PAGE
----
Ukrainian tank appears to destroy Russian APC in Rubizhne
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With the war entering its third month, Russian advances into northern and central Ukraine were defended heavily by Ukrainian forces who pushed back against advances, leaving Moscow to retreat and regroup. Russian forces have now started phase two of the so-called “special operation” in eastern Ukraine, where once again tough resistance has kept advances in the Donbas region to a minimum.
However, the invasion of Ukraine has cost Russia dearly.
Reports suggest up to 23,000 Russian troops have lost their lives in the assault.
Add to this the financial sanctions which have rocked the Russian economy, and the situation appears dire for Putin and his cronies.
However, on a military scale, the Kremlin has witnessed huge losses too.
With nearly 1,000 tanks destroyed, 185 shot down, 150 helicopters mangled to pieces and 400 artillery units obliterated, to name a few of the losses, Putin’s army may not fight again for a long time.
According to Washington based Centre for Strategic and International Studies, “It will take years for Russia to rebuild its inventories.”
Supplies are so low, that Russia may now struggle to overcome Ukrainian resistance in eastern Ukraine and claim the Donbas region in the process.
With the West collectively gathering together and pouring defensive weapons into Ukraine, Putin’s dreams of building a land bridge between the mainland and the Crimea peninsula are rapidly fading.
However, Moscow may still have a caveat to the situation.
Military analyst Henry Boyd from the International Institute for Strategic Studies said Putin could still draw on sizeable, Soviet-era reserve forces stationed across Russia.
However, due to the age of the cold-war era equipment very few current soldiers would be able to use the reserves.
Speaking to the Times, Mr Boyd said: “They kept a large number of Soviet-era tanks, armoured vehicles and artillery.
“You can probably compensate in terms of sheer numbers by reactivating older systems but there is a question mark over whether they will have the crews to man the vehicles and if they do, whether they have had sufficient training.”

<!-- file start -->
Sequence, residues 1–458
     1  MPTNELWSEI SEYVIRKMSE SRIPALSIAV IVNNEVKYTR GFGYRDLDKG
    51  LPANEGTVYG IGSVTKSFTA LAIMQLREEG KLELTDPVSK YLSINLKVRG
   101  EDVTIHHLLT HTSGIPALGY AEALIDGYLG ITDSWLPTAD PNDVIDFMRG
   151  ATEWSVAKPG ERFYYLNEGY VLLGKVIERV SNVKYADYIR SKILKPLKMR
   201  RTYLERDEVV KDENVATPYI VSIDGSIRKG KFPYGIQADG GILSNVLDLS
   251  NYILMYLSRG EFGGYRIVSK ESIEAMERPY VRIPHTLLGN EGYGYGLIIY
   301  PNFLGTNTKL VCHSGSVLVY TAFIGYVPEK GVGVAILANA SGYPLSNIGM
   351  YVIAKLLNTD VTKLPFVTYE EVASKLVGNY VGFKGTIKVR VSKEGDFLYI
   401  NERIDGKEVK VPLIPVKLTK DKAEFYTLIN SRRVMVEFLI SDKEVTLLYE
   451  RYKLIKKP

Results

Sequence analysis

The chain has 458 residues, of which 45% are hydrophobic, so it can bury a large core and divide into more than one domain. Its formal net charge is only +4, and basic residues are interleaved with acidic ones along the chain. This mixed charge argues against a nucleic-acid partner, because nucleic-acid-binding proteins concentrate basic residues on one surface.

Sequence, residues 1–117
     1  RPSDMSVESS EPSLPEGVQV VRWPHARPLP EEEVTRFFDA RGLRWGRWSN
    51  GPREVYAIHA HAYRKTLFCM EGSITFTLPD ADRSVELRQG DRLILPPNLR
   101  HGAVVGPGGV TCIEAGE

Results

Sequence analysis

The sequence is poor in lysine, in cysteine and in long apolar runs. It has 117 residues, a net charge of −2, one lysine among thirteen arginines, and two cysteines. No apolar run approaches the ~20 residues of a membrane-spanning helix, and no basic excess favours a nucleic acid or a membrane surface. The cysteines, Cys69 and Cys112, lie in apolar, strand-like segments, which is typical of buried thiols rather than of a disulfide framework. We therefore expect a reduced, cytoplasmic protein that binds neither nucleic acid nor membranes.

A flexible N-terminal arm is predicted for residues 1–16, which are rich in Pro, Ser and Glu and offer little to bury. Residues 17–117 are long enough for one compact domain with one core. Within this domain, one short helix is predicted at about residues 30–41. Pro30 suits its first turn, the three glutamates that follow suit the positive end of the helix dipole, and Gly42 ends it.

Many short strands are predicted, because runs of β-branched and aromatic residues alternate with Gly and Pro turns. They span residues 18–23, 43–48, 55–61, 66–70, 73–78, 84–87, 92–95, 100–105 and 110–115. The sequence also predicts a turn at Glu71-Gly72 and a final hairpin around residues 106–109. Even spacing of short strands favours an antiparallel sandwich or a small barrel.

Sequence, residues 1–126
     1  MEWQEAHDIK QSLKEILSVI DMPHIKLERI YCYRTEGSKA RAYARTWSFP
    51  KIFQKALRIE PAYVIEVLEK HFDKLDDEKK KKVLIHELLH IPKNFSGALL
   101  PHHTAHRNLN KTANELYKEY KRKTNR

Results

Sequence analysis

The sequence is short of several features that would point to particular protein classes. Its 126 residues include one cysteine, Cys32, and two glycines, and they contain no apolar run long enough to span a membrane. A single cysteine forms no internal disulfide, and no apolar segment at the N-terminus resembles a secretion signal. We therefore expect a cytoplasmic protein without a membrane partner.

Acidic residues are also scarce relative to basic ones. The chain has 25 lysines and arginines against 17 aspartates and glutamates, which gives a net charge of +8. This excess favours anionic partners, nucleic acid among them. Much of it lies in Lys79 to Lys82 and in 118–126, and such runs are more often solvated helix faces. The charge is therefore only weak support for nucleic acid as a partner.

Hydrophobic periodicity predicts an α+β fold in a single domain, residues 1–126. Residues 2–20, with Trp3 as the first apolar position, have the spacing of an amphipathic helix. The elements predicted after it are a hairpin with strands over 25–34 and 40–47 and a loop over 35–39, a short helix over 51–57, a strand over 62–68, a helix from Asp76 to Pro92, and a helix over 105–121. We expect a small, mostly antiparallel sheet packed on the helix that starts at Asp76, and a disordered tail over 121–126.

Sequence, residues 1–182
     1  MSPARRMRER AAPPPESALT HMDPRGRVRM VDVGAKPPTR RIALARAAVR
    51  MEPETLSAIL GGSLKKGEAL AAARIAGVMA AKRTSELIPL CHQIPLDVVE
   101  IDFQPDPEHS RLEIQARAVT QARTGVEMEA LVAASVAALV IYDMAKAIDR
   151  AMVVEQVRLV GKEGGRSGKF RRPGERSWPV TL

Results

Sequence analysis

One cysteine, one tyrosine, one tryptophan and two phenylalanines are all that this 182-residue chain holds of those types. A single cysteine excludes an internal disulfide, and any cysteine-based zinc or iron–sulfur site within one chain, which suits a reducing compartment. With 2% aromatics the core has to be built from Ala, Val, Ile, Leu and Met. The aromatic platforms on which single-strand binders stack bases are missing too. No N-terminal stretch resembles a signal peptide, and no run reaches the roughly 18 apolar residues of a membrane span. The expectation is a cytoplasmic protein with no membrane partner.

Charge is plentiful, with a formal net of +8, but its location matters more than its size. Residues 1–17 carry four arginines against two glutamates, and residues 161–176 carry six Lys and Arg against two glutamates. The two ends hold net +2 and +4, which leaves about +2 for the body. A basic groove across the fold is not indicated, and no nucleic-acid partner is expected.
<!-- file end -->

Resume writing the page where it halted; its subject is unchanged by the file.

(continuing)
With many of the conscripts drafted into the war, much of the equipment will be older than the operators trying to use it should this become an option.
Speaking of Russian prospects in eastern Ukraine, Britain’s Armed Forces Minister James Heappey said: “The Donbas will be a difficult nut for the Russians to crack.”
The Minister added: “Both sides are evenly matched.”
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Mr Heappey this week also encouraged Ukraine to strike targets within Russia using some of the British made and supplied equipment given to Ukraine.
Yesterday, an arms storage dump was seen to explode in the town of Belgorod.
Due to intense anti-aircraft fire around the time of the incident, it is widely believed the explosion came from a Ukrainian attack on the depot.
Flames and smoke could be seen pouring from the storage unit, with the local mayor later sending a message stating no civilians had been injured or killed during the strike.
Has the war with Ukraine cost Putin Russia’s formerly fearsome reputation? Can Ukraine’s defences push back Russian advances to the east? Will Putin now declare “desperate times call for desperate measures” and ramp up the attack against Ukraine with a nuclear or chemical strike? Let us know what you think by CLICKING HERE and joining the debate in our comments section below – Every Voice Matters!
Russia is now intensifying its resources to the south of Ukraine from the Black Sea as reports emerge of 20 Russian warships and submarines gathering in the strategic waters.
The news comes from the latest British Ministry of Defence intelligence report which states: “Approximately 20 Russian Navy vessels are currently in the Black Sea operational zone, including submarines.”
However, since the loss of the flagship Moskva, Russia has been unable to replace the missile cruiser as the Bosporus Strait, a vital choke point into and out of the Black Sea remains closed to all non-Turkish warships.
MoD officials now believe the Russian Navy will play a vital part in the next stages of the war and will pose a significant threat to Ukraine.
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